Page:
Although autumn has been unseasonably warm, the Met Office suggest the usual cold winter weather could soon be with us. And with colder temperatures comes a heavier reliance on central heating systems to stay warm.
However, a more sustainable approach is to focus on heat retention, in an attempt to keep energy costs down and cut our carbon footprint. In this blog we identify the best blinds and curtains for heat retention in commercial buildings.
One way is to ensure all windows are protected by blinds or curtains which are kept shut when the sun is not shining. According to the University of Salford, keeping curtains closed can save 17% on fuel bills.
But how do you choose between the best product for your space?
Firstly, it depends on the business. In an office, blinds provide more multi-functional benefits than curtains. They can be used all year round to regulate temperature, solar gain, natural light and glare. However, in hotels, restaurants and bars, curtains may look more attractive and create a sense of warmth.
Blinds with thermal protection
Metallised fabrics like SilverScreen® have a low U-value and will be the most effective with regards to heat retention.
Fully automated blind systems can be set to raise and drop depending on the light and time of day, which eliminates the need to manually do this and maximises the amount of heat retained, especially when paired with SilverScreen®. We cover this in greater depth in our RIBA-accredited CPD, Improving Sustainability through Performance Solar Shading.
Furthermore, it’s vital that blinds are fitted as close to the window as possible. Heat loss is reduced by minimising the gap between blind and glazing. Cold air seeps through the narrowest gap, so keep the blinds as tight to the frame as possible down the sides and across the bottom. ShadeTech® DBL-G and DBL-E both do this job well.
However, if the blinds are not fully automated and require an element of human interaction to raise and lower, then ensuring your blinds are at the right position throughout the day is crucial.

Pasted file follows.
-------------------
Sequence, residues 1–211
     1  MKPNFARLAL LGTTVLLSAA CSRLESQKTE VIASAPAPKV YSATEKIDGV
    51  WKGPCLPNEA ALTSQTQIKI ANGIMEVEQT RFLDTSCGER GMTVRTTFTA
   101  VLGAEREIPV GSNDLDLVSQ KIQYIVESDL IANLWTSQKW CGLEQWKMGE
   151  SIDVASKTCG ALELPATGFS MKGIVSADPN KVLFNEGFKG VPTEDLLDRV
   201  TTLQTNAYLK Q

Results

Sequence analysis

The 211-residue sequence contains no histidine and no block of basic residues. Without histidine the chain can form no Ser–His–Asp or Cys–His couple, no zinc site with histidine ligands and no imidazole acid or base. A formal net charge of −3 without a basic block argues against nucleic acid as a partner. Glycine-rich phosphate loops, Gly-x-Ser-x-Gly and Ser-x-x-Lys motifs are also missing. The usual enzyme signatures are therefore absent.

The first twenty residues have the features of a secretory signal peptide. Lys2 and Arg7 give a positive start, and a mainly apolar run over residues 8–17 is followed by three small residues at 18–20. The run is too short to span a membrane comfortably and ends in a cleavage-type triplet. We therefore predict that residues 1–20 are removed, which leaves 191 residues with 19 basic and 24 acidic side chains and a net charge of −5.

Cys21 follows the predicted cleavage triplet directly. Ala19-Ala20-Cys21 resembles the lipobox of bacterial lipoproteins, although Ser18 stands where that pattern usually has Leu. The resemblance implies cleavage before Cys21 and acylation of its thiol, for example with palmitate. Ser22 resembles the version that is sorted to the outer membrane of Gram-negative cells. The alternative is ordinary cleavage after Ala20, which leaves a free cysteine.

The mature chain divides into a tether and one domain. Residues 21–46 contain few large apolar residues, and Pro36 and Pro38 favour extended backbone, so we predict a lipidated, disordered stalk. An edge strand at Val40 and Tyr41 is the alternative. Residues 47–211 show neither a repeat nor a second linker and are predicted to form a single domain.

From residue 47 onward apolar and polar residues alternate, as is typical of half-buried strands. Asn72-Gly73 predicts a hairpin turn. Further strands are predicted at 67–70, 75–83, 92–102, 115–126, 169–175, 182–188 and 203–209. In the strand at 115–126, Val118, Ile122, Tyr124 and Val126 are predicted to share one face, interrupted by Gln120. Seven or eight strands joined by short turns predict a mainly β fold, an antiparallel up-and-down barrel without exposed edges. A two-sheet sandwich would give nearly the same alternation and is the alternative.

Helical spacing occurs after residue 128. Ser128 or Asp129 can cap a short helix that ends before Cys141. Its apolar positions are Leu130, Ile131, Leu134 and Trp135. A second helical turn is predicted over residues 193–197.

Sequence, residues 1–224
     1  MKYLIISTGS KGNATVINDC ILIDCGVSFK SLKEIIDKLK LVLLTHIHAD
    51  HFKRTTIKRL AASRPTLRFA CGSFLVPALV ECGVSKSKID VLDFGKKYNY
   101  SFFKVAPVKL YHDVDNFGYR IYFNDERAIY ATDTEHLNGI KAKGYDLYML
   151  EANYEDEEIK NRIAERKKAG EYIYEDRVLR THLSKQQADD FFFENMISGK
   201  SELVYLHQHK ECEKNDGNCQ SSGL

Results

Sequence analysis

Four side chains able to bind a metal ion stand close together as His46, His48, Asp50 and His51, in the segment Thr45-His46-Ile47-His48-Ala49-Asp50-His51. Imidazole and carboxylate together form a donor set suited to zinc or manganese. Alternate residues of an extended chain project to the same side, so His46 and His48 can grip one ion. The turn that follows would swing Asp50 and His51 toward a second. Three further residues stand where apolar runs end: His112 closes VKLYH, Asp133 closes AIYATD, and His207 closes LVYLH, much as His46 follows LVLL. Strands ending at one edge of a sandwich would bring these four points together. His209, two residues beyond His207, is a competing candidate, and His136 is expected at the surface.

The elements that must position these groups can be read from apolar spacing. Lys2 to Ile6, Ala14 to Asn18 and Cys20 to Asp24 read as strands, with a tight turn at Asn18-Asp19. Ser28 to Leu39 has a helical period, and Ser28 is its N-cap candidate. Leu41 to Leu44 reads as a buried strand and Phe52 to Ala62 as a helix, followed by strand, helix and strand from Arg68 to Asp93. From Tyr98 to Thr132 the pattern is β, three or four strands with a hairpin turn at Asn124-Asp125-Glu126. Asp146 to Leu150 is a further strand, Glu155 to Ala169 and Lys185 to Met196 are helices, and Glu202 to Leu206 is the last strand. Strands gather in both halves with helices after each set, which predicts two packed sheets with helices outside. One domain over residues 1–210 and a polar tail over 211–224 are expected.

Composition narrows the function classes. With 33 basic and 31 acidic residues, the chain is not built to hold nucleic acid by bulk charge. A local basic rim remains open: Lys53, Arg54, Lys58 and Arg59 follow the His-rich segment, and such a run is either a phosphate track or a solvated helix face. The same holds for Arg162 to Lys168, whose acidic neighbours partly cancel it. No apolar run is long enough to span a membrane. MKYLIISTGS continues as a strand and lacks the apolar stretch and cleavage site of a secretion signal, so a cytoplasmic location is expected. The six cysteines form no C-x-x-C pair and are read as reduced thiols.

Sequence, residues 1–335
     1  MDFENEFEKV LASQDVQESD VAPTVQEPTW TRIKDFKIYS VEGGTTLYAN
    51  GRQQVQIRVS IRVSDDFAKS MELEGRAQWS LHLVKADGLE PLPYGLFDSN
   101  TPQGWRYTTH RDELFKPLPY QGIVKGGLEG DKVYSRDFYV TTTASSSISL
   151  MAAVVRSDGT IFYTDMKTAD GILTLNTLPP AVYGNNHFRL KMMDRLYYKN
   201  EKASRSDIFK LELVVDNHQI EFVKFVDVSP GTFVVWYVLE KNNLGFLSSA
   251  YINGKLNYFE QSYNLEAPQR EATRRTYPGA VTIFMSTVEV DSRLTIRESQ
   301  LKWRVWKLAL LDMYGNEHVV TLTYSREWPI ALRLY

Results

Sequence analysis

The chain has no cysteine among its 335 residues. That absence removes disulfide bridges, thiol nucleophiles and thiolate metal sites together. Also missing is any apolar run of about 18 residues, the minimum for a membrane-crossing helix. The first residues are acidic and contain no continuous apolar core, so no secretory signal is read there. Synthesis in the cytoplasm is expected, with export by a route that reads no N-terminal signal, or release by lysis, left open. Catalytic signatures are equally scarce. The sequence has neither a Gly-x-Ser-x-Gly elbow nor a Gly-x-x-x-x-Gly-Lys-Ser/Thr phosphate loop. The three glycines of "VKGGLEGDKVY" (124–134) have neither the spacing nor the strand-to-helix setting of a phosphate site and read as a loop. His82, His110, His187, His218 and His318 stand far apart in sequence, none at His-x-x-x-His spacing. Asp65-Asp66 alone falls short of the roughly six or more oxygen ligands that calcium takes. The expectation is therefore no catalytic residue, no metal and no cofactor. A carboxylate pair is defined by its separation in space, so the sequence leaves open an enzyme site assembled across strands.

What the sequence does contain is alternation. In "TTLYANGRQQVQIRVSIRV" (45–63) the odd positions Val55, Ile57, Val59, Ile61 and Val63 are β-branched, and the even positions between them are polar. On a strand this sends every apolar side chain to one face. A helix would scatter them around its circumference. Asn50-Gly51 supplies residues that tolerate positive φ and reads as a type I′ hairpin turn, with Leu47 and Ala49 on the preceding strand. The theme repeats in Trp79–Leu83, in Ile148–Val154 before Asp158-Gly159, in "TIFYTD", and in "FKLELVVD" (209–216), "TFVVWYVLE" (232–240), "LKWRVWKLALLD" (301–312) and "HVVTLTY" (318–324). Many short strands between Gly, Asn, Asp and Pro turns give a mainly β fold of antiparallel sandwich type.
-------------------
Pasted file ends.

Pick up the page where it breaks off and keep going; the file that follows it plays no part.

Keeping them raised during the day, if they’re not needed for glare control, allows for the positive effects of solar heat gain to warm the building. Then, once the darkness draws in, the blinds should be fully lowered to help retain the heat.
Pull the curtains to keep heat in
Thermal curtains, like their equivalent blinds, are made from multiple layers of material. Typically, the decorative face material is lined with two or three further materials behind it. Look for internal layers which are especially heat retentive – such as felt or flannel.
No curtain cuts heat loss when it’s open, so it is important users close them as soon as it starts to get dark – particularly in hotels.
Natural materials, such as the pure new wool used in Kvadrat’s divina range of fabrics, are not just good for heat retention, they also minimise environmental damage.
Whatever option is chosen, pulling blinds and curtains plays its part in the overall energy reduction strategy.
Up to 30% of the heat is lost through windows. So, close those curtains and drop those blinds as soon as the temperature dips.